12. Raquel Welch
Raquel Welch’s apellido is Tejada. The soap opera star changed her name while trying to make it in Hollywood, but her father was born in La Paz, Bolivia.
13. Uma Thurman
You probably know Uma Thurman from her role in “Pulp Fiction” but did you know she has Mexican roots? Her mother, a fashion model named Nena von Schlebrügge, was born in Mexico City before moving to New York to be a model.
14. Vanna White
You know her as the legendary hostess of Wheel of Fortune, but White – whose very last name hints that she’s Caucasian— is actually part-Latina!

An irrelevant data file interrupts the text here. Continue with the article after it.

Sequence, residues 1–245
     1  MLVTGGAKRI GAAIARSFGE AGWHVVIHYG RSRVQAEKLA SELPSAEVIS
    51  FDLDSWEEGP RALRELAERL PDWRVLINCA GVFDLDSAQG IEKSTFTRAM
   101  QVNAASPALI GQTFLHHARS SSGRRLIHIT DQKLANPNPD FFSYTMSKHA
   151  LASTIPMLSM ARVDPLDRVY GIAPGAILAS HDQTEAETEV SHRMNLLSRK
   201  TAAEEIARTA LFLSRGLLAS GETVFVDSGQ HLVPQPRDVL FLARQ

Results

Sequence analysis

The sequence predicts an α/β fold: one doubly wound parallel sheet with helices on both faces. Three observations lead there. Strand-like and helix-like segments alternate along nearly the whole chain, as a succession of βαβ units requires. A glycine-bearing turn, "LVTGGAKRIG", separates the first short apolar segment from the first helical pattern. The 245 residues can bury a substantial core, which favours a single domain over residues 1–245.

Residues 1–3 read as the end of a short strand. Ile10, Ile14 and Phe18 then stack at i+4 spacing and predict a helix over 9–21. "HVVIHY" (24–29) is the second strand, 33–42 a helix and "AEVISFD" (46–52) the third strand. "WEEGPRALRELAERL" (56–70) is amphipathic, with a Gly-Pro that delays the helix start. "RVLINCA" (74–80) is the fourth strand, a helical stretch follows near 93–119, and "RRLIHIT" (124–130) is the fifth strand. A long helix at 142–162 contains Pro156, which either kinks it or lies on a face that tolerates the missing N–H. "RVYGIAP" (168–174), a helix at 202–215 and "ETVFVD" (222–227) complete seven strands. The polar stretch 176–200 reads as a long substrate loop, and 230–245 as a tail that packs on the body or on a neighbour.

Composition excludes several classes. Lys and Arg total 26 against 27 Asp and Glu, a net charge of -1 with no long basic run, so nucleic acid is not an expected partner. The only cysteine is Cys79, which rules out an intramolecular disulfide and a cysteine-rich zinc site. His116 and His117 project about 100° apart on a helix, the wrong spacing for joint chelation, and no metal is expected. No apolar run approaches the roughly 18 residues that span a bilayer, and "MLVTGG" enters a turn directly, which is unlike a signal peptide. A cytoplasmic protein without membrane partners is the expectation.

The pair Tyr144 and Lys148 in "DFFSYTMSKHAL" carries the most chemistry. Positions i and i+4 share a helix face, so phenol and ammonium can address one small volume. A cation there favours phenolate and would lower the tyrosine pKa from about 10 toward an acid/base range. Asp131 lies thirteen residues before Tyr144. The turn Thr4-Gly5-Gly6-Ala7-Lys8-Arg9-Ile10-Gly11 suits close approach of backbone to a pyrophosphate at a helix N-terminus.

You see, “White” is not Vanna’s real apellido—it’s the name she took from her stepfather Herbert Stackley WhiteJr., a former real estate agent in North Myrtle Beach. Not much is known about Vanna’s real father whose name is Miguel Angel Rosich, except that he was born in Ponce, Puerto Rico and abandoned the family when she was a child.
15. Mark Ballas
Professional ballroom dancer Mark Ballas (Dancing With the Stars) is half-Greek, and half-Mexican. Ballas’ paternal grandmother was named Maria Luisa Marulanda Ballas — and while she is not Latina herself — Ballas’ mother, Shirley Ballas is an award-winning dancer who won the 1995 International Latin American Dance Championship, earning the nickname “The Queen of Latin.”
16. James Roday